Pulling from a piece Series- how do you know what accent color to pick from art?

Colored walls are my favorite.

I love how they really do help make the room feel a certain way. Plus, they do a good job of tying everything together (art + furniture + rug + accessories). There are many ways to pick a paint color based off the design.

Since I’m a big proponent of letting the art be the item that calls the shots in a design, I want to focus on how to pick a color based off the art piece.

Let’s start with the piece in question. I’m going to give 3 different examples and talk about my reasons.

Photo courtesy of Elle Decoration

Photo courtesy of Elle Decoration

1. Pulling the dominate color directly from the piece

This blue color is gorgeous. Since it's also the main color (besides neutrals) in these pieces, they pulled it out to make it the background color. This is probably the easiest way to go about choosing color. If you notice, they also have a blue sofa...you don’t have to go that far. However, don’t be scared of a dark color. It is opposite of the white wall trend but if you have a lot of natural light, it could actually be cozy and calming. With any piece of art, picking one of the dominant colors is a sure fire way to make sure that the room coordinates with the artwork. It also gives you freedom to use lots of neutral in the furniture or chose other similar colors in the artwork.

Photo courtesy of Elle Decor Espana

Photo courtesy of Elle Decor Espana

2. Take the smallest dose of color from a painting and make it the walls

I feel like if I could name this room, it would be “Sugar Rush”. That pink is LOUD (and stunning)! And though it may not be everyone’s favorite color- especially on all 4 walls- it gets the point across. In this painting, there is a subtle hint of this pink in various areas. Instead of choosing a gray or another neutral, they decided to give the room impact with the pink. Another great reason to do that is that it makes the piece and the room fit together visually (like a puzzle) because your eye picks up on the accent color in the painting and therefore makes it feel one with the wall. Another reason why this design works- there isn't a rug. The floors are consistent and neutral which balances out all the color in the room.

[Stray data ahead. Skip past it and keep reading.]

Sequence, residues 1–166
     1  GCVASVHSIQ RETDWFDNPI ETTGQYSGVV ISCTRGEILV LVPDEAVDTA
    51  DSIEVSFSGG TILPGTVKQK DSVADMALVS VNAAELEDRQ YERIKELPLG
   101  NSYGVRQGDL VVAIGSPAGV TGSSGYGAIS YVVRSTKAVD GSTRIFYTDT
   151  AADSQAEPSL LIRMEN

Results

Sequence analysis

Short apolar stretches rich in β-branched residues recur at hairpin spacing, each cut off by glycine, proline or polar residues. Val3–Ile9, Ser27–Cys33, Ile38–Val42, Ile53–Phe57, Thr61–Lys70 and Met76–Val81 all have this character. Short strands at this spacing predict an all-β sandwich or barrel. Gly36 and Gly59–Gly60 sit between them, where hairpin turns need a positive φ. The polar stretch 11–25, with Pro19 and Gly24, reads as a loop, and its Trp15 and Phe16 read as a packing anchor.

Photo courtesy of Barrie Benson

Photo courtesy of Barrie Benson

3. Mix it up by using a contrasting color

Don’t lose me here. I know this sounds crazy because there doesn’t seem to be a rhyme or reason. However, there is a trick I recommend if you want to try out this look. If you were to look at the piece and say it was mostly “warm” or “cool”, choose the opposite for the wall color. In this piece the dark browns and reds/oranges make this a dark “warm” piece. So the designer, Barrie Benson, chose a light “cool” color to balance it out. Overall, this is a little bit of a wild card in the game of paint colors- because people choose all over the board! But I would encourage you to use this trick, especially if you want to use a piece of art but don’t necessarily want the walls to have the same color that is in the art.

 

Are there paint colors that you love to have on your walls? What prevents you from pulling out colors from your art?